Fingal carers welcome funds
THE Tweed’s ecological goldmines were the focus of a visit by NSW Environment Minister Mark Speakman today.
Mr Speakman embarked on an early-morning journey with NSW Fisheries, Marine Rescue Point Danger, National Parks and Wildlife Service personnel and Tweed MP Geoff Provest to the protected bird nesting habitat and turtle-filled alcove of Cook Island.
“It’s very important to have sanctuaries like that at Cook Island,” Mr Speakman said.
During his visit, Mr Speakman announced $100,000 to help Tweed Coast koalas as part of the NSW Government’s Saving Our Species program, $100,000 for Tweed Shire Council to improve the water quality of the Rous River and $4600 in funding for Fingal Head Coastcare.
He then visited some of the locals behind the success of Fingal Head Coastcare, to announce the funds for a new computer, data projector, trailer and other equipment.
After inspecting their nursery and part of the area the group cares for, Mr Speakman said he was pleased to support them.
“It’s important for the government to support local initiatives which encourage community involvement in conservation, and that’s why I’m so pleased to support Fingal Head Coastcare,” Mr Speakman said.
Coastcare president Kay Bolton said the funding was an unexpected surprise.
“It’s good news for us because it’s the sort of thing we can’t afford,” Ms Bolton said.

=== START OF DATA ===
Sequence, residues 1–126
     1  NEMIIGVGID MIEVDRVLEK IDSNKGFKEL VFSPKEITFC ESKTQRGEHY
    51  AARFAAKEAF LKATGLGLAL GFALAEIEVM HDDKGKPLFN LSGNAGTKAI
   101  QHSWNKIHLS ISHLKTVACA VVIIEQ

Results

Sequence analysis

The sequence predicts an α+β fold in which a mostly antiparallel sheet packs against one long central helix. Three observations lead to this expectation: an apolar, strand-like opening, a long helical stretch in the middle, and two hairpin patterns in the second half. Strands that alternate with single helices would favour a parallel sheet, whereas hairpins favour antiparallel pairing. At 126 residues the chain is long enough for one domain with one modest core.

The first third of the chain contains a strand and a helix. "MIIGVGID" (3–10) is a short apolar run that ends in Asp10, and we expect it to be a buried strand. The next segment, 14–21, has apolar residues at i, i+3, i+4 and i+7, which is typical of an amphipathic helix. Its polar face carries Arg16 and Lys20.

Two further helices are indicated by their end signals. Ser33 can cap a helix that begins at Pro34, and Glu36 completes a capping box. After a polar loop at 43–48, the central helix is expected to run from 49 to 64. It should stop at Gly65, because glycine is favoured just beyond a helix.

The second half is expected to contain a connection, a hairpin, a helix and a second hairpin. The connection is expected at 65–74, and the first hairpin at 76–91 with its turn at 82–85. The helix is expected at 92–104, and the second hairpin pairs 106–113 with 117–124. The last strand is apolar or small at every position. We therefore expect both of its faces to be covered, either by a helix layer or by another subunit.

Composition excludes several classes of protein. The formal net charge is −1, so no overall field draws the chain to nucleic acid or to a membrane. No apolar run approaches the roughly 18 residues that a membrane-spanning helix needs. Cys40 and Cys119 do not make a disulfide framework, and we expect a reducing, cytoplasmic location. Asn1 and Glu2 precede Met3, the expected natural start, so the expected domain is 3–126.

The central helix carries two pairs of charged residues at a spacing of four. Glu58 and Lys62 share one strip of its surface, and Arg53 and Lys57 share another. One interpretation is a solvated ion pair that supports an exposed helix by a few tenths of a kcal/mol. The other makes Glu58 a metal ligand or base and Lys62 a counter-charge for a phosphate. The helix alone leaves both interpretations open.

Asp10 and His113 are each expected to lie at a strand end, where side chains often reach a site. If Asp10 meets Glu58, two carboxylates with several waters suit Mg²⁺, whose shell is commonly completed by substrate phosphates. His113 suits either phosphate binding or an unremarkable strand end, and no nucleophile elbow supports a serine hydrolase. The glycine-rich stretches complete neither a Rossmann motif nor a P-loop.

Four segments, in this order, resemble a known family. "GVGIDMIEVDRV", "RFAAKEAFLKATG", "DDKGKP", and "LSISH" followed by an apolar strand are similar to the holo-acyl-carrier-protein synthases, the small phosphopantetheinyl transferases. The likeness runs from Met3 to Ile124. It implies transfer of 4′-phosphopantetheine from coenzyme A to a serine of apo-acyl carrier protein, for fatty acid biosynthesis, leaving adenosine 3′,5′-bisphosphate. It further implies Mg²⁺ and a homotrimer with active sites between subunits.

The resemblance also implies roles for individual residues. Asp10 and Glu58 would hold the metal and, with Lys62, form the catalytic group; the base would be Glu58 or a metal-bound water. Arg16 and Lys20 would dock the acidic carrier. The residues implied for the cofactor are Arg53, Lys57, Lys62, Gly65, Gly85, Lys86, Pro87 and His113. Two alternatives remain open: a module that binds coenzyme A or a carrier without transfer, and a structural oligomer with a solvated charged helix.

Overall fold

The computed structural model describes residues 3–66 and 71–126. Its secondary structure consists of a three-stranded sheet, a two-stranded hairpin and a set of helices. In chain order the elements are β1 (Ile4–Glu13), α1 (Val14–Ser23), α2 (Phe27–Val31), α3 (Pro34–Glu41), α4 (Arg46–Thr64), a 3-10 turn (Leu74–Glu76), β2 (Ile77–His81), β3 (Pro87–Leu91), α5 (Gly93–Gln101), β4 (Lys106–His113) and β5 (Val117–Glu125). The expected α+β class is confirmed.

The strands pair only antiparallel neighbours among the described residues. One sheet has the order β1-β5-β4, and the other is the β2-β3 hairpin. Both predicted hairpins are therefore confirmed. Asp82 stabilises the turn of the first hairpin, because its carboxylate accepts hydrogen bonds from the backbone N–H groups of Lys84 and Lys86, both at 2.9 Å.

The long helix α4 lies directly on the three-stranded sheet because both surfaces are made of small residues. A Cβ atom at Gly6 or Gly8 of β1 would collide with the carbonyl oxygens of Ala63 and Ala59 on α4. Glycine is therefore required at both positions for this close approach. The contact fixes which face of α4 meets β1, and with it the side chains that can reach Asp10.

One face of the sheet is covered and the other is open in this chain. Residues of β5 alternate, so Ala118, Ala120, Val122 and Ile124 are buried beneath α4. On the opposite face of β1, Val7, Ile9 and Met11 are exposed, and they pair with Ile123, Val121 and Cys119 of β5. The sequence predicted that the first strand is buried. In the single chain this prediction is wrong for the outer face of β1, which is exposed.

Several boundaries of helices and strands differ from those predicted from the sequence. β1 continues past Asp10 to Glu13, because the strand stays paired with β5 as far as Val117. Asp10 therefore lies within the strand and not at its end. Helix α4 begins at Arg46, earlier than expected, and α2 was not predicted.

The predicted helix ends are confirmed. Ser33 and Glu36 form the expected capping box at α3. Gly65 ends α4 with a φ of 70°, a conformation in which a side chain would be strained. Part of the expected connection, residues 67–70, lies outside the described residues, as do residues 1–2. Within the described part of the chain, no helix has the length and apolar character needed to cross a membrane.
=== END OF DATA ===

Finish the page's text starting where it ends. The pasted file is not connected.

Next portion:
She said the new equipment would help with their educational programs, which involve several of the Tweed’s schools.
Tweed MP Geoff Provest said the funding would help Coastcare to continue their community-integrated projects.
“By involving the schools there’s a sense of ownership created,” Mr Provest said.
“Fingal Head Coastcare makes an important contribution to educating the community and undertaking critical local conservation projects, including by investing over 2,500 volunteer hours last year alone.”
Mr Speakman also visited the Lismore electorate, including Wollumbin National Park, with Lismore MP Thomas George.
He announced funding for a range of environmental projects across the Northern Rivers, all of which came from the Environmental Trust grants program, which aims to protect and restore the environment and crucial habitats of rare and endangered species.